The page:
I blogged about this blazingly original debut novel here.  It came out at the start of 2016 and made an immediate impression - a visceral account, by inanimate objects, of a military catastrophe. An astonishingly strange idea, brilliantly executed and entirely memorable. It seems to have dropped off all of this year's lists - perhaps I'm wrong in thinking it was published in 2016? It is, with Forbidden Line, the best debut novel of the year, although it's impossible to imagine two more different books. A good thing, surely?

This Is The Place to Be by Lara Pawson (CB editions)

This is not a work of fiction, nor is it a memoir, but it's certainly one of my books of the year, The author is a former BBC war correspondent, spending much time reporting the bloody conflict in Angola. She describes terrible things beautifully. It's also about her childhood, her life today in East London and her many friends and lovers, past and present. It's tough, candid, tender and true. There is real life here in abundance. 

Grief is the Thing with Feathers by Max Porter (Faber)

I blogged about this wildly successful novel here. It hardly needs further recommendation - and you've probably read it anyway. An assured interrogation of loss. 

Martin John by Anakana Schofield  (& Other Stories)

'Not for the faint-hearted' seems to be the consensus. To which I say 'balls'. This extraordinary account of a sexual pervert with a fabulous range of personality disorders (some almost endearing, most not) is a brilliant, bleakly comic exercise in style - Schofield has formidable gifts and ferocious powers of concentration. Like Beckett she works with impotence and ignorance, her prose is stark and full of shrewd repetitions and redundancies.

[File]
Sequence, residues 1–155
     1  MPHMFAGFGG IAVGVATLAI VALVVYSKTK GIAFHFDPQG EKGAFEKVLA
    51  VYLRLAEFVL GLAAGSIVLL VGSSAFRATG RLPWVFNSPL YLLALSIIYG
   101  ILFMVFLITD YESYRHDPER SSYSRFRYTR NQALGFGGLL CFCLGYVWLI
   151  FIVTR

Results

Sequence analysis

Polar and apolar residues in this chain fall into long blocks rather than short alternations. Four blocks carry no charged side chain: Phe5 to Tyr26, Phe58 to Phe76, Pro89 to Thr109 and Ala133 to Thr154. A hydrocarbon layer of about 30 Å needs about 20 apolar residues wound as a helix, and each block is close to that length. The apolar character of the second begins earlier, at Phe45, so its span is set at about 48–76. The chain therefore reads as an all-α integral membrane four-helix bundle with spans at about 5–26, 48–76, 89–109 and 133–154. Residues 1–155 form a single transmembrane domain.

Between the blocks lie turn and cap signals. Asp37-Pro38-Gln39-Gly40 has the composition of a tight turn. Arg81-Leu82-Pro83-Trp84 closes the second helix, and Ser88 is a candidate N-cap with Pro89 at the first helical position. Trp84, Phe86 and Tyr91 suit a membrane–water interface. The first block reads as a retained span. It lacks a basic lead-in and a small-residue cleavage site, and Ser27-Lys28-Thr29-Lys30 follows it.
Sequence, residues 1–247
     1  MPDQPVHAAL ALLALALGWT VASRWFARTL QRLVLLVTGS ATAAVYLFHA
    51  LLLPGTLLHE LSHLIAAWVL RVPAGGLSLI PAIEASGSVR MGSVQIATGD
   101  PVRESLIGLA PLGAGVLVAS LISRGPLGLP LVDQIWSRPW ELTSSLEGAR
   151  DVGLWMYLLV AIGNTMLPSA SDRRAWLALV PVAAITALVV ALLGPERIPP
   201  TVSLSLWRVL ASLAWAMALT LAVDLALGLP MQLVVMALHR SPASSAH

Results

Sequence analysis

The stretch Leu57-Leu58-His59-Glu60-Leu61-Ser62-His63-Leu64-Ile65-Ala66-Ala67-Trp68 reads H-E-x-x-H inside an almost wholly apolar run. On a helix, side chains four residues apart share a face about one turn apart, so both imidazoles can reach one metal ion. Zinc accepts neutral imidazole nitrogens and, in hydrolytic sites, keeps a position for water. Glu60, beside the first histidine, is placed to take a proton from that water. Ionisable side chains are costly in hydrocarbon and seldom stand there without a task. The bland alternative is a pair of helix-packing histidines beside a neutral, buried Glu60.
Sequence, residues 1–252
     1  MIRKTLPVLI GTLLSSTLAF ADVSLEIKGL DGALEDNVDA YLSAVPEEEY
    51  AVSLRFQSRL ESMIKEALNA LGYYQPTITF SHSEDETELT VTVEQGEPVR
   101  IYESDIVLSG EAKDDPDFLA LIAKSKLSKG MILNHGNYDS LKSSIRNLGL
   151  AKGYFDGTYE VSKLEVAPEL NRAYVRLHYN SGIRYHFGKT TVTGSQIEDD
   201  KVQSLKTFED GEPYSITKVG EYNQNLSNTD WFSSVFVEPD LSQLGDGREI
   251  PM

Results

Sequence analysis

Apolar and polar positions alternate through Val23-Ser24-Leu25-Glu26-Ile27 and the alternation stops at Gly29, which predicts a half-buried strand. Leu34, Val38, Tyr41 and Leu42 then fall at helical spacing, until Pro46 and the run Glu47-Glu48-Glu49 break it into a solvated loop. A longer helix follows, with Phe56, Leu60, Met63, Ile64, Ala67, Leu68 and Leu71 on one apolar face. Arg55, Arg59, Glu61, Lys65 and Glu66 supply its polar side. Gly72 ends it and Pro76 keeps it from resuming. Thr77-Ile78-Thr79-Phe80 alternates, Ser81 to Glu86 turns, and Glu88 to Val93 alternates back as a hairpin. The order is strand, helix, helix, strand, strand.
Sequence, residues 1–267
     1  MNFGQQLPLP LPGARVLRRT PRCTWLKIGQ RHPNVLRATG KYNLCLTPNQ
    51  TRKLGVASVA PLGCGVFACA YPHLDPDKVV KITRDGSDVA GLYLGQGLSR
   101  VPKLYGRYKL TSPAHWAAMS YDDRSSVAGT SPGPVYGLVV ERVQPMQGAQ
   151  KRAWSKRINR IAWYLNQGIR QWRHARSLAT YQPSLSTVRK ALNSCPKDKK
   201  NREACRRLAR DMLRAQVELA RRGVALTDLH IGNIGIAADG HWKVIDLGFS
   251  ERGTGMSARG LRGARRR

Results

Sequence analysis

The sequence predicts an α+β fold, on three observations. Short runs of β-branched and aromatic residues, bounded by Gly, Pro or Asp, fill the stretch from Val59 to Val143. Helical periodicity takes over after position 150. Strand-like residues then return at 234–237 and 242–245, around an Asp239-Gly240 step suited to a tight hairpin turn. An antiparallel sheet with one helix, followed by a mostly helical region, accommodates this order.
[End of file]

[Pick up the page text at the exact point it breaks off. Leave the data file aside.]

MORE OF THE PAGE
Forbidden Line by Paul Stanbridge  (Galley Beggar Press)

I've just finished reading this, the author's debut novel, published on 1st December. It took me a week and put me in a genial frame of mind that has lasted until now. A more joyous literary extravaganza hasn't come my way in years - it's an absolutely magnificent single-minded masterpiece and as mad as all get-out and I love it. Read my blog about it here.

Fine, fine, fine, fine, fine  by Diane Williams (CB editions)

Bewilderingly original. Williams is new to me and on the strength of this wonderful collection of short (and often very short) stories I plan to read everything she's published, and as a matter of urgency. She navigates the mundane and makes it fresh and strange - a unique sensibility, and a brilliant stylist.

I publish this blog on the same day that the Goodreads Fiction Book of the Year is announced. With 30,154 votes Truly Madly Guilty by Liane Moriarty, published by Flatiron Books, is the winner. 

Six responsible adults. Three cute kids. One small dog. It’s just a normal weekend. What could possibly go wrong?

The only author I've heard of on this dire list is Ian McEwan (Nutshell comes in 17th with 1,300 votes). You can see the complete list here  Am I missing anything?